Blaming all Muslims for 9/11 is un-American
We don't hold Christianity responsible for the crimes of a few, and it should be the same with Islam.
By GREG KESICH
To call Muslim worship in the same neighborhood as Ground Zero a “desecration of hallowed ground” makes a connection between the Islamic faith and an act of war that is at odds with the core beliefs America was built on.
In this country, we believe in individual responsibility and don’t believe in collective guilt. The Muslims of New York City should build their facility wherever the local zoning laws allow.
The people who planned and carried out the destruction of the World Trade Center may have been Muslims, but opponents of this project act as if all Muslims bear some responsibility for this crime. Why else would the mere presence of an Islamic center — not at Ground Zero but two blocks away in a busy city neighborhood — be considered an affront? This attitude smacks of religious scapegoating and something that should be intolerable to all Americans.
This is not a legal question but a moral one, and one that strikes at our basic founding principles. Those beliefs are why we put individual Nazi war criminals on trial at the end of World War II when it would have been much easier to punish all Germans.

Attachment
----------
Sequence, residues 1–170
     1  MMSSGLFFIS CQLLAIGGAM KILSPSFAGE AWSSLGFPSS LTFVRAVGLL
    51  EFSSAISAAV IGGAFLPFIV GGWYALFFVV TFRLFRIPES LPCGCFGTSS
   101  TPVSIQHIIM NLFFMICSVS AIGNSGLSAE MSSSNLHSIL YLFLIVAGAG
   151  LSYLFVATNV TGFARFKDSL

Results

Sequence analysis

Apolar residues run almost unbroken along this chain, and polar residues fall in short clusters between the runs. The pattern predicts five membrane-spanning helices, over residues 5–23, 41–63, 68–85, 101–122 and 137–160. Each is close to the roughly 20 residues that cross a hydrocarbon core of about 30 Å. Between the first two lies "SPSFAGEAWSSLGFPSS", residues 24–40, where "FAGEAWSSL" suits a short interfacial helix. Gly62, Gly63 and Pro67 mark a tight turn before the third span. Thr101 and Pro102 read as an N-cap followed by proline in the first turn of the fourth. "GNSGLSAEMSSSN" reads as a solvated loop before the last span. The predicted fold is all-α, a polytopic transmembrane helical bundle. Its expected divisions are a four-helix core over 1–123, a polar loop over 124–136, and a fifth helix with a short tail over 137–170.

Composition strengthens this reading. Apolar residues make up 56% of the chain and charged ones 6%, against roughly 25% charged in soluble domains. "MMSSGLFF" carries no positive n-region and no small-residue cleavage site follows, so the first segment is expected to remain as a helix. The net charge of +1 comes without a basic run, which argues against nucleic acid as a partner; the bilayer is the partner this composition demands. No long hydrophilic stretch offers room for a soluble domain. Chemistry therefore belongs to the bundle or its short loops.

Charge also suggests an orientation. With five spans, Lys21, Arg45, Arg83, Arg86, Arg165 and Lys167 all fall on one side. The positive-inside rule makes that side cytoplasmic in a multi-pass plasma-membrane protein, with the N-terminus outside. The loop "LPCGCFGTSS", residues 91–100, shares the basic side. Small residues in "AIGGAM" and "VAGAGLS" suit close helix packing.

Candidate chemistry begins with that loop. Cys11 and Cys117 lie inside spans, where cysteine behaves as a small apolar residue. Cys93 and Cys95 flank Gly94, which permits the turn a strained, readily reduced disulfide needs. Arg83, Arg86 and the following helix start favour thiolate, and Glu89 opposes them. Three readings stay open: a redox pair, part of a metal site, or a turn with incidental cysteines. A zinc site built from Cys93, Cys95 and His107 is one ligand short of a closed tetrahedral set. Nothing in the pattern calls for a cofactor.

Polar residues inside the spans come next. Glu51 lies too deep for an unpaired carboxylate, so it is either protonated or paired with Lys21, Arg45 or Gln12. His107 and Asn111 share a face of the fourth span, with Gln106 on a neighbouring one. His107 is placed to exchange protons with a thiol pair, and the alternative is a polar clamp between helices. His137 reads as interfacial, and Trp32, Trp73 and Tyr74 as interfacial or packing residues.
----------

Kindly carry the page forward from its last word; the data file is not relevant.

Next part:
We were operating under a concept of justice that holds individuals responsible for their actions — but only their own actions. This comes in sharp contrast to the Nazis, who condemned a whole people to the gas chamber.
Yes, 9/11 was perpetrated by al-Qaida, which bases its war on America on an idiosyncratic reading of the Koran.
But you don’t have to be an expert on religion to recognize that the goal of al-Qaida is less than spiritual and all about exerting power and control over others.
Osama bin Laden would probably like nothing better than to manipulate the United States into a war with Islam and its 1.5 billion believers, rather than with his tiny splinter group.
Hundreds of millions of Muslims all over the world practice their faith without ever feeling called to commit a violent act. Claiming that the entire faith of Islam bears some special responsibility for the actions of al-Qaida is as outrageous as it would be to blame all Christians for bombing abortion clinics, sexually abusing children or the financial excesses of a few televangelists.
Remember, the Godfather was a Christian, too.
This Islamic center plan has gone from a local zoning issue to a platform for talk-radio ranting because some politicians have irresponsibly used it as a wedge to leverage the still-tender wounds of many Americans into voting their way in November.
They should just stop before they cause more damage.
There were Muslims in the Twin Towers on Sept. 11, 2001, who were also victims of al-Qaida’s attack. Their families still grieve.
The perpetrators of 9/11 may have been Muslim, but all Muslims have nothing to apologize for.
This is America, where we don’t tell people how to worship. And we don’t hold a whole group responsible for the crimes of a few.